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Sunday, November 11, 2012

Protect Your Child from a Predator

Everything in this post comes directly out of the Parents magazine article found in their November 2012 issue. These are only excerpts from the larger article.

"What many parents now understand is that sexual abuse is quite common. One in four girls and one in six boys will be sexually abused before they turn 18, according to the National Sexual Violence Resource Center. Roughly 90 percent of offenders are relatives of their victim, or acquaintances such as neighbors, family friends, teachers and coaches. "Child predators can appear to the outside world to be warm, caring, loving, and respectful," says Robin Sax, author of Predators and Child Molesters and a former Los Angeles prosecutor who specialized in sex crimes against children. "It is these very traits that allow them to continue their horrific acts."

More than a third of those who sexually abuse children are under the age of 18 themselves.

Go with your instincts if anything bothers you about someone who spends time with your child. Don't let awkwardness or fear of offending someone prevent you from acting on your gut instincts.

Check the policies of groups, programs, schools & daycares:
  • Do they have an open door policy or windows so adults can be observed at any time.
  • Do they requires two adults to be in the room with the kids at all times.
  • Drop in unannounced from time to time
  • Get involved or at least observe practices & activities.
  • Talk to other parents about your concerns or see if they have any themselves.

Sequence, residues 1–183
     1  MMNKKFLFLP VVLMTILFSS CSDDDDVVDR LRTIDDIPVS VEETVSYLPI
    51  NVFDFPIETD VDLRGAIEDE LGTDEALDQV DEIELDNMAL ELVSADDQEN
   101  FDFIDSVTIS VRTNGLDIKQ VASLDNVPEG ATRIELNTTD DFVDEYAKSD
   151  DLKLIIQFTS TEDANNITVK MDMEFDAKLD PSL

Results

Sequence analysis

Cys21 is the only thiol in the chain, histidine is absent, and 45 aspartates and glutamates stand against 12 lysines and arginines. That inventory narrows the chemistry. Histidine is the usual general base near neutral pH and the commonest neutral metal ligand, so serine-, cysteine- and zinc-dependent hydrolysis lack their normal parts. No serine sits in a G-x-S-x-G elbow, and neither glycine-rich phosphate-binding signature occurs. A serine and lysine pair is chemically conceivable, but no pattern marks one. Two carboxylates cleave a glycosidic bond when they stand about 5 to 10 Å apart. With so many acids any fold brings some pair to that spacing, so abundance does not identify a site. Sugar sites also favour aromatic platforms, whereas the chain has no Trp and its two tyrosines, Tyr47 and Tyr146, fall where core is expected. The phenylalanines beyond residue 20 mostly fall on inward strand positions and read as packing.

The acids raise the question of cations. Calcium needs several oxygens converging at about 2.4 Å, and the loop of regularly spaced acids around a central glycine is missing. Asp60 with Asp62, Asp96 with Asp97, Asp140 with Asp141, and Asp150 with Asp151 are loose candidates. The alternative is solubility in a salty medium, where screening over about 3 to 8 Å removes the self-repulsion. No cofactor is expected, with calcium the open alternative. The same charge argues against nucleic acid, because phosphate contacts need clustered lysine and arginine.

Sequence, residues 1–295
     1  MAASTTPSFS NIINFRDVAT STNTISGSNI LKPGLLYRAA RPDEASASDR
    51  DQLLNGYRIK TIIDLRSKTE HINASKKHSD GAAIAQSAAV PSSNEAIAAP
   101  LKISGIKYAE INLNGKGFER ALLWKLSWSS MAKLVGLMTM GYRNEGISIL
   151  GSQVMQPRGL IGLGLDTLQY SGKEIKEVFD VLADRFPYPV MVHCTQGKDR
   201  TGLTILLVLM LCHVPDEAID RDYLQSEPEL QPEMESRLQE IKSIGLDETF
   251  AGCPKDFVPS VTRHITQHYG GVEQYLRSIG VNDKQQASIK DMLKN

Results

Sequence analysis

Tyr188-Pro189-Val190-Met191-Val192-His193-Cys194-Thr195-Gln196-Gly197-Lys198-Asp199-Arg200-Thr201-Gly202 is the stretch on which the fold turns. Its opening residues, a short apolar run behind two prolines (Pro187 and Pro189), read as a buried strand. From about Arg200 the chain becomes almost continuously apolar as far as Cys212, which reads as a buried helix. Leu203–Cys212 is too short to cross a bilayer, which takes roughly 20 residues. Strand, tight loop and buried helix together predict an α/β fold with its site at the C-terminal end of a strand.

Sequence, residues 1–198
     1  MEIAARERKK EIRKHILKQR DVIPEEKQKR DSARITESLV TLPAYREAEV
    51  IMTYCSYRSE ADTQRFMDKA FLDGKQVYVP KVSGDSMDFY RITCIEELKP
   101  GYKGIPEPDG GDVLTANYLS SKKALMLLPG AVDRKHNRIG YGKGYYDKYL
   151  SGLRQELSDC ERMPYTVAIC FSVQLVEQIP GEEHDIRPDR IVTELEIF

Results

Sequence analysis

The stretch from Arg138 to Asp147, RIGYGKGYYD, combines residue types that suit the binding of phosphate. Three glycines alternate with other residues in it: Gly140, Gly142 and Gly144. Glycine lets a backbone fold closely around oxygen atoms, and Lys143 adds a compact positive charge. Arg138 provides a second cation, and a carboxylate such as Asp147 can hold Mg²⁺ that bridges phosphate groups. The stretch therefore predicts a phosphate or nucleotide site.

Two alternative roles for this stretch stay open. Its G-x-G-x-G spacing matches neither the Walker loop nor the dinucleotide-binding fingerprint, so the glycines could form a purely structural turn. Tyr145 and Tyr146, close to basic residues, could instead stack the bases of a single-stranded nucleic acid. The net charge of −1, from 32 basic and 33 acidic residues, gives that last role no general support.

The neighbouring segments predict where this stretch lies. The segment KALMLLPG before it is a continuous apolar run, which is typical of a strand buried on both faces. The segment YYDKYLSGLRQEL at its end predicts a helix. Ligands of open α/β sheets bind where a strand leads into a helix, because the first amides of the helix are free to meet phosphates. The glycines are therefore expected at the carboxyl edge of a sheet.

• If your child doesn't want to be around a particular person or take part in certain activities, take him seriously.

Some children may show physical signs of abuse: unexplained urinary infections, redness, swelling in the genital area. Others may have stomachaches, headaches or sudden bedwetting. Behavioral signs can include mood swings, angry outbursts, sleep problems, drop in grades, withdrawal. But keep in mind none of these behaviors specifically points to sexual abuse.

Age-By-Age Guide

2-4yrs old: use the right language and proper terms for body parts. Explain what's private and that no one other than her parents and doctor should touch her private parts. Give him ownership of his body - kids should be allowed to say "no" to hugs, hair ruffling and any other touching they don't want. It models that it's okay to say "no" even to "nice" people. Give honest, brief, age-appropriate answers to questions regarding sexuality.

5-8yrs old: reinforce boundaries. It's okay to refrain from hugs and kisses - even from grandma. At bath time talk about bodies and boundaries and that people shouldn't touch your private parts or ask you to touch theirs. Let them know that it's never their fault if someone behaves sexually with them and that they can always come to you. Teach internet safety - use parental controls, limit access, insist your child never disclose personal information online.

9yrs & older: Continue the conversations. Brainstorm ways to get out of uncomfortable situations with peers. Monitor devices - kids can easily and accidentally access porn via gaming systems, Smartphones and other devices with internet connections. Enable parental controls and limit access to certain games with mature content. Help identify trusted adults, so if they don't feel comfortable disclosing the abuse to you they might feel safe seeking out another adult. They should continue to tell until someone acts on the issue.

Childhelp USA maintains a 24-hour National Child Abuse Hotline.

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